Abrams-Draine can throttle up, halt momentum, and redirect at stems in rapid succession. But his physicality for his size adds another element to his game. Abrams-Draine is a feisty defender who can use precise, targeted shoulder strikes to get a lever on receivers, then carry them through transitions. He can also employ two-hand jams to control WRs and negate swipes as they commit to angles upfield, and use catch technique to gather opponents.

Abrams-Draine doesn’t shy away from contact and can fight through contact to make plays on the ball. Operationally, though he’s still a young player, there’s already plenty to like with him. He has active feet and is adaptable on his backpedal, and can quickly flip inside and track wide receivers across the field.

Kris Abrams-Draine
Sep 4, 2021; Columbia, Missouri, USA; Missouri Tigers defensive back Kris Abrams-Draine (14) returns a kick against the Central Michigan Chippewas during the game at Faurot Field at Memorial Stadium. Mandatory Credit: Denny Medley-USA TODAY Sports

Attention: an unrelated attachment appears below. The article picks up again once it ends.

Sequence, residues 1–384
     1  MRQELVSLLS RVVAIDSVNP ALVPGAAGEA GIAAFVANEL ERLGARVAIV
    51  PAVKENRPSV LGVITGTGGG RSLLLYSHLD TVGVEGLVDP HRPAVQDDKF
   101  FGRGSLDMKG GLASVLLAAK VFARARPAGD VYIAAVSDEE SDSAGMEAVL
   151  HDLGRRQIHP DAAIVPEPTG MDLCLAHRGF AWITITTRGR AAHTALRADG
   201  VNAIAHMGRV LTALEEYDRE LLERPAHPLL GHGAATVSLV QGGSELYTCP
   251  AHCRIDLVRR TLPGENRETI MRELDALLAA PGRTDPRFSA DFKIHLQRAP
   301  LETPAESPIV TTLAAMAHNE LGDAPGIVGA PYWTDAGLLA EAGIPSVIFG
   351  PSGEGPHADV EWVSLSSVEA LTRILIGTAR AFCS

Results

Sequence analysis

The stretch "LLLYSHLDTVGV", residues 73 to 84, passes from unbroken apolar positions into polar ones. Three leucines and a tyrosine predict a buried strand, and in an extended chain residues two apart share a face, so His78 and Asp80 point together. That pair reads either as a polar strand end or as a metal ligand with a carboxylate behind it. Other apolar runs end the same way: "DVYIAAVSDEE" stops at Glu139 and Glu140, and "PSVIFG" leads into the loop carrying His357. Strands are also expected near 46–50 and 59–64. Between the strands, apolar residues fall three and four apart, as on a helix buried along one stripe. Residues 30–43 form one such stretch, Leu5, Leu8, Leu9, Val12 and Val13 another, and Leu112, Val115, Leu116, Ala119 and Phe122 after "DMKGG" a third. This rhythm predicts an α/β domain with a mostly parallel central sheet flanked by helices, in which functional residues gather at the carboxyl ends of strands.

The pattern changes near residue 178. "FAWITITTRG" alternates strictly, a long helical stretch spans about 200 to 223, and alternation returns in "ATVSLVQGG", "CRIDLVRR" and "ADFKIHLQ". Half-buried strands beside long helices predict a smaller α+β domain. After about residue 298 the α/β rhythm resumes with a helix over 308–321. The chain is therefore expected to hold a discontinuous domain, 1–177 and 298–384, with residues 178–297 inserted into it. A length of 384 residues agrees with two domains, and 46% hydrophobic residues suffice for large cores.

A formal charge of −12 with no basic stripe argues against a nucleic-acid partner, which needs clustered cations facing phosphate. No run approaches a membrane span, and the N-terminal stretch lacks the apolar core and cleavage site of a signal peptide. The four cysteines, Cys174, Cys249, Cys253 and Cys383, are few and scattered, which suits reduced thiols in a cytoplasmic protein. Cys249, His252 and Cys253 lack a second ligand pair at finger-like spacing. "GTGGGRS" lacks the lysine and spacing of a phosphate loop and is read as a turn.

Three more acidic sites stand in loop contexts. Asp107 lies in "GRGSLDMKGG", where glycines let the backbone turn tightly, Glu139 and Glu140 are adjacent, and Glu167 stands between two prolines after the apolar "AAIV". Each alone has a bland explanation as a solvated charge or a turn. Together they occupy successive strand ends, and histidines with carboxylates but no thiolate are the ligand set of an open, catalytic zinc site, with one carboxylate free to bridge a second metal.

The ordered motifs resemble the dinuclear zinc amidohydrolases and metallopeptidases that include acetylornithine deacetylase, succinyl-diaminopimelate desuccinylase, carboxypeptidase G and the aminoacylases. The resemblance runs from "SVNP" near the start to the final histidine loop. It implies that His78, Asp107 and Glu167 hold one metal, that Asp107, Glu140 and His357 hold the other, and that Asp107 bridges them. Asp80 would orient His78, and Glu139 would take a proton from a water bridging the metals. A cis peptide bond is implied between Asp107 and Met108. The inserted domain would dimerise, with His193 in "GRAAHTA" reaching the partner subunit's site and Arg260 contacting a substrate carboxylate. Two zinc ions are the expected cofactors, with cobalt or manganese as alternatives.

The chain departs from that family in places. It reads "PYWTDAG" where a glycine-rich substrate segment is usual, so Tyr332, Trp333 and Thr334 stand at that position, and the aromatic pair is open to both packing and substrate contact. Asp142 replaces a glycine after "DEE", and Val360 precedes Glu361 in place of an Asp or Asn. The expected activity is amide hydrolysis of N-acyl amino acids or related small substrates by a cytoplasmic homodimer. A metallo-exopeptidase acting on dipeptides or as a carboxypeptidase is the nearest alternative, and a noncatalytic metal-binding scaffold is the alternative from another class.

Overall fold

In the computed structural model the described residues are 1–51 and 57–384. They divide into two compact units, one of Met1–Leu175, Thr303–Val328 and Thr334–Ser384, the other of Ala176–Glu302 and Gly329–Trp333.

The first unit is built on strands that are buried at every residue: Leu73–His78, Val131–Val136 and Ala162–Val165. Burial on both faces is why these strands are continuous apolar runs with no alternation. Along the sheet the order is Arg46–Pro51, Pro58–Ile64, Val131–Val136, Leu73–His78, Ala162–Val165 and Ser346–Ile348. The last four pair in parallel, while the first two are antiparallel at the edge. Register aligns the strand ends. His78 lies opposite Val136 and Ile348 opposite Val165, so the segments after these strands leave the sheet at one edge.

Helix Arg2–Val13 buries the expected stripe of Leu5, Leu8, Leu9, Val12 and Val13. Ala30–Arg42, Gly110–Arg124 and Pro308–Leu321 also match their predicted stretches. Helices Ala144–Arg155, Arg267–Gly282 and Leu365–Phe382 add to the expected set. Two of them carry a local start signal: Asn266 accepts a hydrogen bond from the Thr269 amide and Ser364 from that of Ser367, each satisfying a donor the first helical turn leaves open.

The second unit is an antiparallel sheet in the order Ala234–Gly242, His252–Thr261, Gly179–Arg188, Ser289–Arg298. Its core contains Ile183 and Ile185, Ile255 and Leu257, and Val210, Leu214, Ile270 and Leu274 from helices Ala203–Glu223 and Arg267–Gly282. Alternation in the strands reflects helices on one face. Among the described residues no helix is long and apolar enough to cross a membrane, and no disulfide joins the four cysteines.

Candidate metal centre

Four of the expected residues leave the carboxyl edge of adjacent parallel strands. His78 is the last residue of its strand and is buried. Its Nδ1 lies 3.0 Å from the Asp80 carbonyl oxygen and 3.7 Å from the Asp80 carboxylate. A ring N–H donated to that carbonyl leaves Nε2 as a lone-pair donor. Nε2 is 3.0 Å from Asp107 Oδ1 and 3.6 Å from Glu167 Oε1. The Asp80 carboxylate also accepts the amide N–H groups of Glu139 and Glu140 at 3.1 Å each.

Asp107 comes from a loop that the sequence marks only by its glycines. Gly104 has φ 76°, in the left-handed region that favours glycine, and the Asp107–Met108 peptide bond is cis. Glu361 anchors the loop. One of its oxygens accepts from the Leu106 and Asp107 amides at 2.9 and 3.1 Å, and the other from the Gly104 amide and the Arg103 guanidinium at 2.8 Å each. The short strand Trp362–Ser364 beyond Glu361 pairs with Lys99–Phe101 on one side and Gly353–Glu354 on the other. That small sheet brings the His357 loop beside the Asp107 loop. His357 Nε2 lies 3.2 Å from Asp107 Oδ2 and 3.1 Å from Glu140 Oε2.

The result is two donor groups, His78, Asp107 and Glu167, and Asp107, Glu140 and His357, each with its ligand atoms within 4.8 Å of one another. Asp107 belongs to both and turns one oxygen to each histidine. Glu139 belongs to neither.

Going further, Abrams-Draine actively squares up WRs at stems and has the corrective foot speed to snap into place. He’s shown to match receivers off the line with smooth, efficient shuffle steps, then flip his hips upfield while maintaining acceleration. On those shuffle steps, he effectively aligns his hips to maintain leverage.

Mentally, Abrams-Draine is also strong. The Missouri CB has a competitive edge, but he’s also shown to quickly process breaks and flip his hips early in anticipation. He can identify WR screen formations and veer downhill to blanket underneath routes as well. The Missouri CB can effectively process and sift through routes in zone, naturally carrying and passing off WRs. He’s a patient zone defender who positions himself well when split between routes.